Edited: 13.02.2015 - 08:35
Keywords: Employment terms and conditions
An employee and an employer can agree on a trial period at the beginning of a new employment relationship. The purpose of a trial period is to find out whether the employment contract meets the expectations of both parties. Any trial period and its duration must be specifically agreed in the employment contract. When concluding the employment contract, the employer may also inform the employee that the provision of the relevant collective agreement on trial periods will apply to the employment relationship. If no trial period has been agreed or no reference to the trial period provision of the collective agreement has been made, the employment relationship does not involve any trial period. As a general rule, the same parties may only agree on a trial period once.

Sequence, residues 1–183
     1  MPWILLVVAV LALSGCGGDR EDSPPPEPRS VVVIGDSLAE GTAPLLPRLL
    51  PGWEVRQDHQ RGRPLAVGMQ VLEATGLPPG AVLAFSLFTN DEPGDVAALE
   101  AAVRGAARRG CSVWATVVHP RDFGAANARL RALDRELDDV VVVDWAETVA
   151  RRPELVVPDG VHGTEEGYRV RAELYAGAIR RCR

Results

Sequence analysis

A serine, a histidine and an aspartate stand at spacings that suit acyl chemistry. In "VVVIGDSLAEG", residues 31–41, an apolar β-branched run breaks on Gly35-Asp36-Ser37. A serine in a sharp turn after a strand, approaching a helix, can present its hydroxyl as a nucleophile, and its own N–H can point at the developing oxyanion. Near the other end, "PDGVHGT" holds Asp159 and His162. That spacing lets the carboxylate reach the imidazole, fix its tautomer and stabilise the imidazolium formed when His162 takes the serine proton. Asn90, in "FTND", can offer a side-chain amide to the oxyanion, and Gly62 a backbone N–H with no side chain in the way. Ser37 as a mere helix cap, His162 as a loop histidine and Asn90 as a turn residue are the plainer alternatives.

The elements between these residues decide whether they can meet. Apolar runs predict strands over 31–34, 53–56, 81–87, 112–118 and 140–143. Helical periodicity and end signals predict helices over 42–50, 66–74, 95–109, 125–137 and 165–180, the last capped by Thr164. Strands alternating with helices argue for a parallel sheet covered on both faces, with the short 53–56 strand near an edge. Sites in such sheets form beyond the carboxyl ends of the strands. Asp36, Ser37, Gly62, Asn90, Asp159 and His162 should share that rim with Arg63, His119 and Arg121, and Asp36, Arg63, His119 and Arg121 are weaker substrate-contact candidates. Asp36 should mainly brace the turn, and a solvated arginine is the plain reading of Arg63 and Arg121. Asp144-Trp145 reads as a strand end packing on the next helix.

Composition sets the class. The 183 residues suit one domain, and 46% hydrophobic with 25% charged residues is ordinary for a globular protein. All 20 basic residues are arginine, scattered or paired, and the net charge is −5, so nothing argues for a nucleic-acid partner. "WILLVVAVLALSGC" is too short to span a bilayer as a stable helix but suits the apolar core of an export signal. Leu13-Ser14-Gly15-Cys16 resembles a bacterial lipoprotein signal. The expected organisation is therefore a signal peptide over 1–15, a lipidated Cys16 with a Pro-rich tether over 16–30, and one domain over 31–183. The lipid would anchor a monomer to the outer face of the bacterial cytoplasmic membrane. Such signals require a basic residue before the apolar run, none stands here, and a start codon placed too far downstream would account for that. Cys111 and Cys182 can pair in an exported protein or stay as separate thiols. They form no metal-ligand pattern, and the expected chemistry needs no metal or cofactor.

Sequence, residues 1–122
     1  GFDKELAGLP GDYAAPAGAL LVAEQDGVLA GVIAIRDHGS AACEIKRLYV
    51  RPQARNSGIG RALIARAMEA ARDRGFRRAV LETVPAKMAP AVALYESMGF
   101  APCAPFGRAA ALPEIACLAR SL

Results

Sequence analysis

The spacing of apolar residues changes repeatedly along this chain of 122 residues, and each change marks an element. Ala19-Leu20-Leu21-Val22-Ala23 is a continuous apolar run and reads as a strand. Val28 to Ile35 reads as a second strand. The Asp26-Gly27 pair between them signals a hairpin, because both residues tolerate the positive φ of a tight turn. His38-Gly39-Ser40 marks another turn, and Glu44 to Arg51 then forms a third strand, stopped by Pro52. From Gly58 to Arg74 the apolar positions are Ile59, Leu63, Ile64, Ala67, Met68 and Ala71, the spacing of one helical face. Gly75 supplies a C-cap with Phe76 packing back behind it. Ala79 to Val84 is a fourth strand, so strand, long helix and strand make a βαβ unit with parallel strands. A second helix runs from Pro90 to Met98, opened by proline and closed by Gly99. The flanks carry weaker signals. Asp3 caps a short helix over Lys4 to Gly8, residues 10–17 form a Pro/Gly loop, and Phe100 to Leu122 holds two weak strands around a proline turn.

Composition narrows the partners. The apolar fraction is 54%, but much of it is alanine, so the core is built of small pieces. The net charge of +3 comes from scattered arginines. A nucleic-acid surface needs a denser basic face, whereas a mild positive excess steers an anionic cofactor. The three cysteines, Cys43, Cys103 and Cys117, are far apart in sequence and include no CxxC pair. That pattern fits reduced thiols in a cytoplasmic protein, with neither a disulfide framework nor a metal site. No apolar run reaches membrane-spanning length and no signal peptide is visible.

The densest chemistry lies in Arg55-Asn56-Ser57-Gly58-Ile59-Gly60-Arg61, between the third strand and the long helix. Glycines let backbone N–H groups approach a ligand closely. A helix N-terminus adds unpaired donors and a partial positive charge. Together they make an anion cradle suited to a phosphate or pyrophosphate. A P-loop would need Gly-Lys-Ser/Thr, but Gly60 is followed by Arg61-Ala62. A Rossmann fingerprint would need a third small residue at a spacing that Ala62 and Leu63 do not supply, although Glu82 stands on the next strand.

Duration of a trial period
The maximum duration of a trial period is four months. For employment contracts signed for a fixed term shorter than eight months, the parties may agree on a trial period equivalent to no more than half of the total period of validity of the contract. For instance, a six-month fixed-term contract may include a maximum trial period of three months. The trial period starts when the work starts.
Cancelling an employment contract during a trial period
During a trial period, the employment contract can be cancelled by either party with immediate effect and no term of notice. However, the trial period must not be used to cancel the contract on grounds that are inappropriate with regard to the purpose of the trial period. Inappropriate grounds include an employee’s pregnancy or election as a shop steward, for example. Furthermore, an employment contract cannot be cancelled for financial and production-related reasons.